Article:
From this follows the ‘assumption’ that we should extend the necessary elements for ‘inter-actor communication’ with the factor of ‘common human actor HA experience’ abbreviated as ‘HAX‘ (HA, HAX, MA, LO,LL,L), which is usually accompanied by certain kinds of observable behavior ‘BX‘, which can be used as point of reference for certain expressions ‘LX‘, which ‘point to’ the associated intern al states HAX, which are not directly observable. This yields the structure (HA, HAX, MA, BX, LO,LL,LX,L).
Having reached this state of assumptions, there arises an other assumption regarding the relationship between ‘expressions of a language’ — like (LO,LL,LX,L) — and those properties which are constituting the ‘meaning’ of these expressions. In this context ‘meaning’ is not a kind of an ‘object’ but a ‘relation’ between two different things, the expressions at one side and the properties ‘referred to’ on the other side. Moreover this ‘meaning relation’ seems not to be a ‘static’ relation but a ‘dynamic’ one, associating two different kinds of properties one to another. This reminds to that what mathematicians call a ‘mapping, a function’, and the engineers a ‘process, an operation’. If we abbreviate this ‘dynamic meaning relation’ with the sign ‘μ’, then we could agree to the convention ‘μX : LX <—> (BX,HAX)’ saying that there exists a meaning function μX which maps the special expressions of LX to the special internal experience HAX, which in turn is associated with the special behavior BX. Thus, we extend our hypothetical structure to the format (HA, HAX, MA, BX, LO,LL,LX,L,μX).
With these assumptions we are getting a first idea how human actors in general can communicate about internal, directly not observable states, with other human actors by using external language expressions. We have to notice that the assumed dynamic meaning relation μX itself has to be located ‘inside’ the body, inside’ the brain. This triggers the further assumption to have ‘internal counterparts’ of the external observable behavior as well as external expressions. From this follows the further assumption that there must exists some ‘translation/ transformation’ ‘τ’ which ‘maps’ the internal ‘counterparts’ of the observable behavior and the observable expressions into the external behavior.(cf. figure 2) Thus, we are reaching the further extended format: (HA, HAX, MA, BX, LO,LL,LX,L,μX,τ).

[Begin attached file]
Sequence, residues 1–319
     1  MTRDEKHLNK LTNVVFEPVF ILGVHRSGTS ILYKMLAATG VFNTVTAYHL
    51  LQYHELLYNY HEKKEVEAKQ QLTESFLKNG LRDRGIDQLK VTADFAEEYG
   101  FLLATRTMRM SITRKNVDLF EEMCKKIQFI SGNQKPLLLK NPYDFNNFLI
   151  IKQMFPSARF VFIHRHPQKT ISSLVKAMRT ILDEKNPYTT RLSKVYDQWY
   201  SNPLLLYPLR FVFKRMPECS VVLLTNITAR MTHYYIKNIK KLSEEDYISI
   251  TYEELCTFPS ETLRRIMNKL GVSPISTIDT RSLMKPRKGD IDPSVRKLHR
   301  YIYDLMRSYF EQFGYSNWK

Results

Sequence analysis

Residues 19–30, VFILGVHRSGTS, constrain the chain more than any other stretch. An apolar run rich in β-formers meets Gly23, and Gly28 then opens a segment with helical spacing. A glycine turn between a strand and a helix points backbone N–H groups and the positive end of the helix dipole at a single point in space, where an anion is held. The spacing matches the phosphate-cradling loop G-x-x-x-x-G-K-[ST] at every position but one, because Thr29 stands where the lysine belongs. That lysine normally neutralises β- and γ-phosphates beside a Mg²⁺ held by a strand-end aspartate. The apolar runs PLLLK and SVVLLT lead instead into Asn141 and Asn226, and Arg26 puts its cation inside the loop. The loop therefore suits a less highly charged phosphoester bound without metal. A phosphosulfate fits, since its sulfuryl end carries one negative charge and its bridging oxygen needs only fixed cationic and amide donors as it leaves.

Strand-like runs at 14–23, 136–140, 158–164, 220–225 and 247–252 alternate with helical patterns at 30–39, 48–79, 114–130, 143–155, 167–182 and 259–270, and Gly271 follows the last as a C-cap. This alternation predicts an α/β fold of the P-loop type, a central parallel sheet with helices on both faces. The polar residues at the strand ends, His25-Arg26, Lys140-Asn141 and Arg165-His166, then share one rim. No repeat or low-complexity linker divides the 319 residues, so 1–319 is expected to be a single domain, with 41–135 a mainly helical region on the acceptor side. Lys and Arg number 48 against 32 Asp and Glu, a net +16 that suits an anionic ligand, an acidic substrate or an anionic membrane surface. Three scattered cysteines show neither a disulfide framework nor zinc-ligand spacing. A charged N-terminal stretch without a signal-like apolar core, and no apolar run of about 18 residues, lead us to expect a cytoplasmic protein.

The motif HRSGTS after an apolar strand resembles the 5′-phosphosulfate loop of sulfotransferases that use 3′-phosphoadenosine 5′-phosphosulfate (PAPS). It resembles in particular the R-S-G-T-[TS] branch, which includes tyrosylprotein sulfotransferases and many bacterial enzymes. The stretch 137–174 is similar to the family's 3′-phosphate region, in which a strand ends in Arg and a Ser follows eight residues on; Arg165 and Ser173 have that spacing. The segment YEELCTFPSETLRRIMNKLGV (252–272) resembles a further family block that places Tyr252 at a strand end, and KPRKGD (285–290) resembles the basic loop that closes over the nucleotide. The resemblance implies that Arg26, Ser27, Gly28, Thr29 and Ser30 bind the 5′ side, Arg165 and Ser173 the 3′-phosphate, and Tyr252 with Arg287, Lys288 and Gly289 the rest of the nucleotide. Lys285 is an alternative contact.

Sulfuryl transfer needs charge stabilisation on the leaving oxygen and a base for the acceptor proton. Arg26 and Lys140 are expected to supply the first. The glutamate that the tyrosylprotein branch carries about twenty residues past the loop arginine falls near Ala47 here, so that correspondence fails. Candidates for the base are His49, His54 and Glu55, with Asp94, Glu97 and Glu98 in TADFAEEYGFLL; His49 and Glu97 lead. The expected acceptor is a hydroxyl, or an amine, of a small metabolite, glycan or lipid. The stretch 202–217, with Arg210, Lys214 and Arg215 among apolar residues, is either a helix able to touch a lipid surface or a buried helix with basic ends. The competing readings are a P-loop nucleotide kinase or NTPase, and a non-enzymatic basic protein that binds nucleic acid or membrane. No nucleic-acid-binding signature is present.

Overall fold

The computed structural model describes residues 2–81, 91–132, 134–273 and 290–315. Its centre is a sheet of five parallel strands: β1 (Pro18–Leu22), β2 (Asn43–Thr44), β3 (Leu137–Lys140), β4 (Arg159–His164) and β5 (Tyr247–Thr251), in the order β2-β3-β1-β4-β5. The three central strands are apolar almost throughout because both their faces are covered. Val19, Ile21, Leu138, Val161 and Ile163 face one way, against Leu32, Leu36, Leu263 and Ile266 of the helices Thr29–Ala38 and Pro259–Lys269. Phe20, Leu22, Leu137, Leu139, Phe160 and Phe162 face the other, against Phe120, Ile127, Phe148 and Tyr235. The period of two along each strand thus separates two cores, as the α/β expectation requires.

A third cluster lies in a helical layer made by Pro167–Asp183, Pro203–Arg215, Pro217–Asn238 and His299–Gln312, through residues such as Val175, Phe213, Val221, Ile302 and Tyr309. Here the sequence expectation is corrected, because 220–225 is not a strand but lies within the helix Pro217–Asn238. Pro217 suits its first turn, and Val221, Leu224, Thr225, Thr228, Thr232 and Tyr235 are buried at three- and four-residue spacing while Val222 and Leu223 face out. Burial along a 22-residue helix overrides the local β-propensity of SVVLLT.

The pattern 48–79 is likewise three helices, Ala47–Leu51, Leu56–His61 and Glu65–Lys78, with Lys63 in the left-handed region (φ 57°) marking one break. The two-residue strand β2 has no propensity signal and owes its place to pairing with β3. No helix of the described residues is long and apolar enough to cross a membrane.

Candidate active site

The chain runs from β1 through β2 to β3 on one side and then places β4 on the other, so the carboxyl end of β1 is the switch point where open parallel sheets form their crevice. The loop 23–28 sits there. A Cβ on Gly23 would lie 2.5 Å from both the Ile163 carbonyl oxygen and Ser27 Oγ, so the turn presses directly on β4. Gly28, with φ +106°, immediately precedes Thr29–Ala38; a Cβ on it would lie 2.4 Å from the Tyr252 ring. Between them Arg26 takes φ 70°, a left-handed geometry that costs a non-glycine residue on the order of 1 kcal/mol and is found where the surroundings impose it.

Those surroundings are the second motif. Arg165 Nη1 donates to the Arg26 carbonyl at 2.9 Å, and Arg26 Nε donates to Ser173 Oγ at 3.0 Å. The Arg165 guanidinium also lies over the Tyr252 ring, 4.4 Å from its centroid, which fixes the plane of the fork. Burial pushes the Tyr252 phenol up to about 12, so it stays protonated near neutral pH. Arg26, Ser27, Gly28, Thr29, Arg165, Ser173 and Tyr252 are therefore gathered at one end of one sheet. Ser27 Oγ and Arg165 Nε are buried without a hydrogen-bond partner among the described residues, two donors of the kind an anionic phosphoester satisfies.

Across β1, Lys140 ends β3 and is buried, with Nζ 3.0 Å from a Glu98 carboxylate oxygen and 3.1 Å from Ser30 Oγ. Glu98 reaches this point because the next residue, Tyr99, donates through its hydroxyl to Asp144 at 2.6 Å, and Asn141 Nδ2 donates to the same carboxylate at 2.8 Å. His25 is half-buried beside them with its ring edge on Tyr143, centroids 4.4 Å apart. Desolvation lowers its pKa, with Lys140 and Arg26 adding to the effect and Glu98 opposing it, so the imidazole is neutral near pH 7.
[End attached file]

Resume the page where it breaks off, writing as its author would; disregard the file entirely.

Accepting the basic assumptions about an internal meaning function μX as well an internal translation function τ narrows the space of possible answers about the nature of ‘math objects’ a little bit, but as such this is possibly not yet a satisfying answer. Or, have we nevertheless yet to assume that ‘math objects’ and related ‘modes of reasoning’ are also rooted in internal properties and dynamics of the brain which are ‘common to all humans’?
If one sees that every aspect of the human world view is encoded in some internal states of the brain, and that what we call ‘world’ is only given as a constructed virtual structure in the brains of bodies including all the different kinds of ‘memories’, then there is no real alternative to the assumption that ‘math objects’ and related ‘modes of reasoning’ have to be located in these — yet not completely decoded — inner structures and dynamics of the brain.
From the everyday experience — additionally enlightened by different scientific disciplines, e.g. experimental (neuro) psychology — we know that the brain is — completely automatic — producing all kinds of ‘abstractions’ from concrete ‘perceptions’, can produce any kinds of ‘abstractions of abstractions’, can ‘associate’ abstractions with other abstractions, can arrange many different kinds of memories to ‘arrangements’ representing ‘states’/ ‘situations’, ‘transformations of states’, ‘sequences of states’ and the like. Thus everything which a ‘mathematical reasoning’ HAm needs seems to be available as concrete brain state or brain activity, and this is not only ‘special’ for an individual person alone, it is the common structure of all brains.
Therefore one has to assume that the set of mathematicians MA is a ‘subset’ of the set of human actors HA in general. From this one can further assume that the ‘mathematical reasoning’ HAm is a subset of the general human everyday experience HAX. And, saying this, the meaning function μX as well as the translation function τ should be applicable also to the mathematical reasoning and the mathematical objects as well: (HA, MA, HAX, HAm, BX, LO,LL,LX,L,μX,τ).